348 H. Ling Roth. — Natives of Sarawak and Brit. N, Borneo.

pig, and how I should like to wear it but for one day ! ‘ * Well, so you may,’
says the plandok, * but be careful, or you may spoil it.’ So the pig got into
the folds of the snake, and was, of course, crushed to death ; and the plandok
got off, having outwitted his enemies.”

The Alligator-Bird.

*’The Alligator- Bird has the richest note of any I ever heard. It is
beautiful to hear him in the early morning, by the river side, singing to his
old friend the alligator (so goes the tradition), who has come to demand
payment for an alleged debt, when the bird answers, * You know I have
nothing wherewithal to pay you — there are my feathers, take them if you will,
take them, — it is all I have to pay you with.’ This bird in appearance is
something like the thrush.” (Grant, p. 154.)

The Reason why Alligators are afraid to eat Dyaks.*

A Story of Mount Pbninjauu.

” Once upon a time, a Dyak belonging to the Peninjauh village was
returning home after his day’s labours, and, as he wended his way up the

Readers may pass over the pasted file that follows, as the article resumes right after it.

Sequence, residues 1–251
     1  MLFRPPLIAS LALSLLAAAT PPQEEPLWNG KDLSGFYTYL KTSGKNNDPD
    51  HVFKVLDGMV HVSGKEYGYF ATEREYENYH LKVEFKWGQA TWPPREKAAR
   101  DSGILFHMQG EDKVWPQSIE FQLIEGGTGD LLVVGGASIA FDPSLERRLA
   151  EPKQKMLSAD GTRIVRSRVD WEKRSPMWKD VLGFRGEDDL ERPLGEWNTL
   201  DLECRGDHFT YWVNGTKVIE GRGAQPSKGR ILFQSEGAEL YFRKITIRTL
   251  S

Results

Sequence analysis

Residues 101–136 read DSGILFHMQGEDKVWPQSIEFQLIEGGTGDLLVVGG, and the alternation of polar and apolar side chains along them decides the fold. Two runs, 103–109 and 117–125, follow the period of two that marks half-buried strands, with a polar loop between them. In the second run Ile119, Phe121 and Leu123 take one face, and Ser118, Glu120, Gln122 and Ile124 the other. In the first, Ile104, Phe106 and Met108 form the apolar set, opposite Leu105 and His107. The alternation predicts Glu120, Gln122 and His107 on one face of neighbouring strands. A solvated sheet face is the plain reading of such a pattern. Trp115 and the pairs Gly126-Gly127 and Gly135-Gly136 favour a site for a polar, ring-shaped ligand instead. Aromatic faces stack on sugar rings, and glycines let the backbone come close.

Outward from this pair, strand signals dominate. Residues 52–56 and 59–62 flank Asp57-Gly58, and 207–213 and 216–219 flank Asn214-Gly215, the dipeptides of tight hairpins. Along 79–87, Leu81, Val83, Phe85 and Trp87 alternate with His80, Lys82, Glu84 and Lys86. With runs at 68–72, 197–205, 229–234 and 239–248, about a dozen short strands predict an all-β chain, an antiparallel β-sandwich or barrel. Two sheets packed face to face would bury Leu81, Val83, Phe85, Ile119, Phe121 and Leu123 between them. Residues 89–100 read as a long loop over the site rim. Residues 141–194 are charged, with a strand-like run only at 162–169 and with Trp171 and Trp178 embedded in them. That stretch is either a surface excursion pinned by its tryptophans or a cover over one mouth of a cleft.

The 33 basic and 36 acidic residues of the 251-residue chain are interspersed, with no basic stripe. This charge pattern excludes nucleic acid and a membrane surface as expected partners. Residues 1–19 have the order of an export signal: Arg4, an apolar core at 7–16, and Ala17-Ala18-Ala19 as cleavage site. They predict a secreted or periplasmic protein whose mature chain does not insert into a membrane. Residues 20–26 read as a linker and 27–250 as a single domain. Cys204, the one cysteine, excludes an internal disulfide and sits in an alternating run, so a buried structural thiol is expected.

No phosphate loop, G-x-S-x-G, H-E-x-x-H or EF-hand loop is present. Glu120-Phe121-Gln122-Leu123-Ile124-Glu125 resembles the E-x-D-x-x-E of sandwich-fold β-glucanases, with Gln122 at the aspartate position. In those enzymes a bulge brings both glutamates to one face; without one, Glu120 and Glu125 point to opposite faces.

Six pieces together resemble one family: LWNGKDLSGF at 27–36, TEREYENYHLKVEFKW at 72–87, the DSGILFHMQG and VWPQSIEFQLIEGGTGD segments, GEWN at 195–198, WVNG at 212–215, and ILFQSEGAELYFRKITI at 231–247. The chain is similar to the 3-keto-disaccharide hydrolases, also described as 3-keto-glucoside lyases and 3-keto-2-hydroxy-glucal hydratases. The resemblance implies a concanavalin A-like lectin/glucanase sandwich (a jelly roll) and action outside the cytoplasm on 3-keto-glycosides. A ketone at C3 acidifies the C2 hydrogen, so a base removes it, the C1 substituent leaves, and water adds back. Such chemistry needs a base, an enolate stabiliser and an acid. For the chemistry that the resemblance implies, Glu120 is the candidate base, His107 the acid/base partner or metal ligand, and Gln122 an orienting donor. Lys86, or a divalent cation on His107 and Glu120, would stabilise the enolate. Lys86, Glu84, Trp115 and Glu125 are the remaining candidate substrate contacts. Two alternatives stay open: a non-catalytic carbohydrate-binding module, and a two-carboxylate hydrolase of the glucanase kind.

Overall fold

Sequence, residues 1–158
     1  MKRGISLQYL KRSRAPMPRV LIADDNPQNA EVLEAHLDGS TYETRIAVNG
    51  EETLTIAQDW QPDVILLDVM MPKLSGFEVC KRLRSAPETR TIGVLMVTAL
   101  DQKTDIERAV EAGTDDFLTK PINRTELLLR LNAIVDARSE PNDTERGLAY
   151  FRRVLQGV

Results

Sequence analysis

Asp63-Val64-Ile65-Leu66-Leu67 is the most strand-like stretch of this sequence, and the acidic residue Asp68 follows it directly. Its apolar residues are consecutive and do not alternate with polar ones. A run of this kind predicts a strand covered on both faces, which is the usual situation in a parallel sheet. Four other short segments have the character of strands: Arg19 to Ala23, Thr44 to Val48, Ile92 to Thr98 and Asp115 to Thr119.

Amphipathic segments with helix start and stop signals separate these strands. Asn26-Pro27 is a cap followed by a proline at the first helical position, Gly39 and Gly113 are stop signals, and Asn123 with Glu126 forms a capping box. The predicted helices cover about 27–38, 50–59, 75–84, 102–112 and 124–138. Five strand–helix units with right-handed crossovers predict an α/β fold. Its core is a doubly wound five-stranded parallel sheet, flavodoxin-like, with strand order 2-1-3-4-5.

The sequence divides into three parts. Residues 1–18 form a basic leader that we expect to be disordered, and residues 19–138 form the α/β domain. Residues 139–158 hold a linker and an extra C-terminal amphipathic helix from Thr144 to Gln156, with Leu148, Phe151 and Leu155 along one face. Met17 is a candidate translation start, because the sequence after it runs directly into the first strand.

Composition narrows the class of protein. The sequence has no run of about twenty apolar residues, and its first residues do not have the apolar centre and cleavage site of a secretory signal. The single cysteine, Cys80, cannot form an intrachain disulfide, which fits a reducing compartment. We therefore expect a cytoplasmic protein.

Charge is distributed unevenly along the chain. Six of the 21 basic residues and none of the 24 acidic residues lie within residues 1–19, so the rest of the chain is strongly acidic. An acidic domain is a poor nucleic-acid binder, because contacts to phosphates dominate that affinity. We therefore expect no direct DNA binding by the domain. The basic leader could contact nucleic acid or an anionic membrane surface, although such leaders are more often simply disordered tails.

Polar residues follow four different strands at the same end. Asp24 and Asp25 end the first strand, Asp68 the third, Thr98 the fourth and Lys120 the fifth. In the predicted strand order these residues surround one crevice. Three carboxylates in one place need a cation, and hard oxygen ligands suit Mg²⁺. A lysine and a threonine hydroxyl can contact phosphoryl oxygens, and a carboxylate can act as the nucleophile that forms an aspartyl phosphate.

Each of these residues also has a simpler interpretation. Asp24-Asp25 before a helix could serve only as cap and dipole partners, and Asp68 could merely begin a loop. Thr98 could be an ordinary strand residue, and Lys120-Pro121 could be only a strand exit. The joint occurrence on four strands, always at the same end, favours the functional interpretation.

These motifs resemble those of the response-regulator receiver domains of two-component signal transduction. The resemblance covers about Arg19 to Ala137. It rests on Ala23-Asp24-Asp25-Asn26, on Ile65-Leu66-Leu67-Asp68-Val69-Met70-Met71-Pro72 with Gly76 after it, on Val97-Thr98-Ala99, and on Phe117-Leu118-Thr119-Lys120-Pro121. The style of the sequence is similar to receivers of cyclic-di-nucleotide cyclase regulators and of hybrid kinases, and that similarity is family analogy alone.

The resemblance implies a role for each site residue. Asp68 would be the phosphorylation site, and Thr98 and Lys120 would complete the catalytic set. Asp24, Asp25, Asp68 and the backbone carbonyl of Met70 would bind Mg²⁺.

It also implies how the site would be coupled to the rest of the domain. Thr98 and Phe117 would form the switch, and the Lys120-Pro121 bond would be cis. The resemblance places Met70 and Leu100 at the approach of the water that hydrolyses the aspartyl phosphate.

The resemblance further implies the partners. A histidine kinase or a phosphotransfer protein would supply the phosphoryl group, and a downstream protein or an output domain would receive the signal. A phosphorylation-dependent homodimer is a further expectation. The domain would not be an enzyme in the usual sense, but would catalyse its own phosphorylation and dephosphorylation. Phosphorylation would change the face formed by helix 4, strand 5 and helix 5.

steep ascent which leads to the houses, what was his astonishment to find
himself preceded by a large and comfortable-looking male alligator. ‘ Where
are you off to ? ‘ said the Dyak to the btiai (alligator) — he was not at all afraid,
for in case the buai made himself disagreeable, he had his sword, and had,
moreover, an advantage in the steep, rocky ascent, to which the beast’s legs
were plainly unaccustomed. ‘ I am merely taking a walk for my amusement.’
* Why not pay our village a visit ? ‘ asked the Dyak ; * we shall be glad to see
you.’ (He thought it best to be civil at all events.) * Most happy,’ answered
buai, so on they jogged together, bathed together at the spout, at the entrance